Meanwhile, some guy who thinks he's really Bad Ass (TM) gets to run COMPLETE STRAIGHT PIPES off his damn Harley that are so loud they make your chest pound. Or some college student on a crotch rocket puts mufflers on his bike that are so loud he sounds like an screaming F1 car. Nevermind none of these idiots have catalytic converters, and the damn things are little better than lawnmowers; most of them are still using carbs (yes, I know some "sport bikes" are now EFI, whatever, that's not the point). They're emissions -nightmares-, and while I have to have my car strapped to a dyno every 2 years, he barely has to have his blinkers checked.

    So, until that law applies to them (it does NOT) AND cops start holding motorcycles to EXISTING noise limits, don't you dare go telling me what I can/can't do with my car's exhaust...and certainly don't whine to me about how a fuel-cell bike makes no noise.

    Thank you. Yes, I am done.

    • I bet if your stupid ass rode a bike you would have loud pipes as well. We have loud pipe so idiots much as yourself can damn sure hear us comming. I cannot tell you how many times I have narrowly escaped serious injury or death because somebody turned in front of me or ran me off the frigging road while changing lanes.

      I got a warning ticket for loud pipes last year and guess what I still ain't putting the damn baffles in them.

      Then the cop that gave me the ticket said he doesn't like loud pipes because we
      • Oh really! How interesting. Allow me to reference a few passage of the Hurt report for our readers' pleasure.

        14. Conspicuity of the motorcycle is a critical factor in the multiple vehicle accidents, and accident involvement is significantly reduced by the use of motorcycle headlamps (on in daylight) and the wearing of high visibility yellow, orange or bright red jackets.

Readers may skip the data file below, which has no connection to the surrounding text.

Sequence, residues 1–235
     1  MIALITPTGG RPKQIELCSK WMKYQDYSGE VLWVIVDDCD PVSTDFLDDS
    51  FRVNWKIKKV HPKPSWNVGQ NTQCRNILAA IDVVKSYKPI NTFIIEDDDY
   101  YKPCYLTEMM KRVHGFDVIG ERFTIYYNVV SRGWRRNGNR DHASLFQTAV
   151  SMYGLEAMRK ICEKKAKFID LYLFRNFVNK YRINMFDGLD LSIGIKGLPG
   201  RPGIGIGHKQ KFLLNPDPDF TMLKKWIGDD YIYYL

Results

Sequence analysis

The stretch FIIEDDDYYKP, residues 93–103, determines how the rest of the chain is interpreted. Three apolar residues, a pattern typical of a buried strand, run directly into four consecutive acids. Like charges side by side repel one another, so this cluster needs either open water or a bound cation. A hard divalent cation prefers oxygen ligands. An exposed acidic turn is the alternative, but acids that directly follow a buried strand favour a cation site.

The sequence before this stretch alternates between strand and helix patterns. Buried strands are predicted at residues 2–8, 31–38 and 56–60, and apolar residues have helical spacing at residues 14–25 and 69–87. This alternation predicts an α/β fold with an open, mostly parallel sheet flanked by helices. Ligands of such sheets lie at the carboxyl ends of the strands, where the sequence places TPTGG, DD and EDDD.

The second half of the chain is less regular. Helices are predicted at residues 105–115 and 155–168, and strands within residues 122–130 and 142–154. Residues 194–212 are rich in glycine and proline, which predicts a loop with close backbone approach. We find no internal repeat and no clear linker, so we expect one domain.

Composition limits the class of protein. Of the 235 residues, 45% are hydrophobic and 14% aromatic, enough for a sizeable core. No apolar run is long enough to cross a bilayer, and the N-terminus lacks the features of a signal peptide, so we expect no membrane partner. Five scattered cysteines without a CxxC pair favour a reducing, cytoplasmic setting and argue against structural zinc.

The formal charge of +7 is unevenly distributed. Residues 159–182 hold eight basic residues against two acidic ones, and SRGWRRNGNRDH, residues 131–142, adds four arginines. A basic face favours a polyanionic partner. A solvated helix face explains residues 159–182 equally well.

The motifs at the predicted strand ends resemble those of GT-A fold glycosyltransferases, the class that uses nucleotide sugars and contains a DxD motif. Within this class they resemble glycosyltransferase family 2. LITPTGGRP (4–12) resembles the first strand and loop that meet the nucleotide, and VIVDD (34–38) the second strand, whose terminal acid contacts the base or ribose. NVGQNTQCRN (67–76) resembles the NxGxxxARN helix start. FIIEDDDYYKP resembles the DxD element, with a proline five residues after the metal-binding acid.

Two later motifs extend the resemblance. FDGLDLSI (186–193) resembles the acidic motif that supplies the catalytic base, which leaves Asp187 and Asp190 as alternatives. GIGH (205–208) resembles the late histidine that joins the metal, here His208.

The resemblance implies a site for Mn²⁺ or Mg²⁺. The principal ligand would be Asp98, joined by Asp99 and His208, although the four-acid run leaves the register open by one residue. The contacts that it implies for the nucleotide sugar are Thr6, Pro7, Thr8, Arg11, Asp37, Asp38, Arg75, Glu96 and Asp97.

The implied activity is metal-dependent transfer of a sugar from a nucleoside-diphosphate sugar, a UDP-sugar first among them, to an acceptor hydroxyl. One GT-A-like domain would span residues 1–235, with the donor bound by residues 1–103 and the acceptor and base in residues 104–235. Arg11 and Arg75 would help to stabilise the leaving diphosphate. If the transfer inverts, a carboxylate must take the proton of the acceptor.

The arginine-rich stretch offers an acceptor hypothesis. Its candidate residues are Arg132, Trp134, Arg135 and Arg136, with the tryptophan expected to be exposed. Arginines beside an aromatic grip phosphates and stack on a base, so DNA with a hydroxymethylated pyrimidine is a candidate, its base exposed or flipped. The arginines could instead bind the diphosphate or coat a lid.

18. Conspicuity of the motorcycle is most critical for the frontal surfaces of the motorcycle and rider.

        I have a hunching feeling th
      • by Cycon (11899)
        I bet if your stupid ass rode a bike you would have loud pipes as well. We have loud pipe so idiots much as yourself can damn sure hear us comming. I cannot tell you how many times I have narrowly escaped serious injury or death because somebody turned in front of me or ran me off the frigging road while changing lanes.

        You're way off. My ride's a GSX1200, stock pipes. The bike can pull 0-60 in 2.9 seconds, but its quiet enough to slip up behind someone at a crosswalk without their noticing from a meter aw

  • Now that it seems as if GM is going down hill [thewatt.com], what will the status of fell cell activity be? GM has long been the biggest proponent of fuel cell activity among the top 3 auto manufacturers but has been hit hard because of high oil prices [thewatt.com] and the fact that their SUVs are not selling well.

    It could be ironic that high oil prices might actually hurt fuel cell development since the companies that rely on cheap oil are the ones that are also pushing the development of fuel cells.

  • Another Fool Cell (Score:3, Informative)

    by CasaDelGato (701438) on Thursday March 17, 2005 @08:44PM (#11971164) Homepage
    Wow, a Fuel Cell ($$$$) bike that has almost caught up with a pure Electric vehicle. Except that it's top speed is lower, it costs more to build, and is far more difficult to refuel. Yup, Fuel Cells are the future! The only reason Fuel Cells are being pushed so hard is that they retain the Big Company infrastructure needed to use them. You will need a large distribution network if you want to refuel lots of cars, AND you will need to produce all that hyrdrogen - which will likely be made from oil. EV's can do it now at lower cost than Fool Cells, but for some reason are being ignored. (Or actively discouraged - like GM crushing the quite nice EV1's.)